Do you know what it looks like when you kill someone with sound? It's really quite interesting. See, a sonic gun doesn't work like a normal gun. It doesn't kill from the outside in. A sonic gun works by vibration. Every substance on earth, you see, has its own unique frequency. If you can match that frequency, you'll interfere with the substance's structure, and it'll break apart. Ever seen an opera singer reach a pitch so high they can shatter glass? That's the same principle. Vibrational frequency. That's how a sonic weapon works. It finds the frequency on something like... say, your bones. Then it shakes them and shakes them, until they break apart inside of you. Splinter and shatter until you're a broken rag doll. If that's not enough? No problem! Just alter the frequency to something else. Blood, for instance. Ever seen someone's blood boil? Or maybe the heart. People are always going on about broken hearts. Maybe you could even make someone's brain explode, literally. The possibilities are endless. Not really very pleasant, granted. But endless.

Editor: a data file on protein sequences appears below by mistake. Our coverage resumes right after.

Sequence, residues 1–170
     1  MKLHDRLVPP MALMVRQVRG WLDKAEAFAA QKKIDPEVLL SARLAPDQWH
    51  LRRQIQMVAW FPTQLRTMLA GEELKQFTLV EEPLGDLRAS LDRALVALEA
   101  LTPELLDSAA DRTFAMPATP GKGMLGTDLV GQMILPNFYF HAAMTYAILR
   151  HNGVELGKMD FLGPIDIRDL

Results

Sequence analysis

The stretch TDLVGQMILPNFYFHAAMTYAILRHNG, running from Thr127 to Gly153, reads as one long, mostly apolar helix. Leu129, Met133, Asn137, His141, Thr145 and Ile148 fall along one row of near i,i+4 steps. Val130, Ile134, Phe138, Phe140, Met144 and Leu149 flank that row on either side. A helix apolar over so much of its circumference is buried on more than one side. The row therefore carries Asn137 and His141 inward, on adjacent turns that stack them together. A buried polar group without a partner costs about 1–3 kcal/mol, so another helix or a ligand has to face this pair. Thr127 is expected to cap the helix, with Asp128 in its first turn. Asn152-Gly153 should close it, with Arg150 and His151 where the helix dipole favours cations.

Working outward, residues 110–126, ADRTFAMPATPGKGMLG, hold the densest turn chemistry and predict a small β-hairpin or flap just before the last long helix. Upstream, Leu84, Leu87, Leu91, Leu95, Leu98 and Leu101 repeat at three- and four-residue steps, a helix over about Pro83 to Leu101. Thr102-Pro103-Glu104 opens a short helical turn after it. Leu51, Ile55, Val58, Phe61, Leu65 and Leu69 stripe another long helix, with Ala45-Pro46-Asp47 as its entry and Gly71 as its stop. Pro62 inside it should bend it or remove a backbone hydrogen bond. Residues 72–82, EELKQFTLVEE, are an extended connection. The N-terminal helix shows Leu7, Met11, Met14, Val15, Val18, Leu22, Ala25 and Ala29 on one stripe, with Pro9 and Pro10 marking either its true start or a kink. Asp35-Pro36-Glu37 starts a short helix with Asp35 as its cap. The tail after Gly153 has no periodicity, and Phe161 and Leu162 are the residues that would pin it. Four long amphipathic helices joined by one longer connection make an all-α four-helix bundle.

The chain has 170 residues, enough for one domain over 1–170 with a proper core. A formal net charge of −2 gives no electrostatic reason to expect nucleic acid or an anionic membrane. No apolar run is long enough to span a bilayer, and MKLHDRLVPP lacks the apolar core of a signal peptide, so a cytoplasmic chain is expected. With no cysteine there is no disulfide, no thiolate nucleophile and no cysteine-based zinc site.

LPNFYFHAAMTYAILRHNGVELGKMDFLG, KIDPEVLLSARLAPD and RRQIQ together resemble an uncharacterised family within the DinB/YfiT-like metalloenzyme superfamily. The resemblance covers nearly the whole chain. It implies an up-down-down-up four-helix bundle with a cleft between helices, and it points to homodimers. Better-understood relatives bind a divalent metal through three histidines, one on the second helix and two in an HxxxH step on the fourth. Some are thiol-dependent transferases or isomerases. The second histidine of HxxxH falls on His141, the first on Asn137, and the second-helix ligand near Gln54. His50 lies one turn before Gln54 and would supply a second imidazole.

Anyway, getting back to the story. They strapped me down and they told me I'd killed my parents with my trusty sonic weapon. They let my own brain fill in the details on what that might have involved. I have to tell you, I never realised I had such a vivid imagination. Then they set me free into the world, planted some useful incriminating evidence, and waited for me to be arrested. And of course I was, soon enough, and I certainly couldn't dispute the idea. After all, even if my heart was screaming that something was really wrong here, there were all these nasty memories sitting in my brain, so it had to be true, right?

Hmm... So. Parents dead. Arrested. Prison. Hideous memories. Did I forget anything? Ahh, right. A warden who wanted nothing more than to see me crawl. That was fun, let me tell you. Daily beatings. Solitary confinement. Wonderful paranoia-inducing drugs in the infirmary. Iron Heights penitentiary was a damn crappy place, all in all. That's pretty much why I broke out.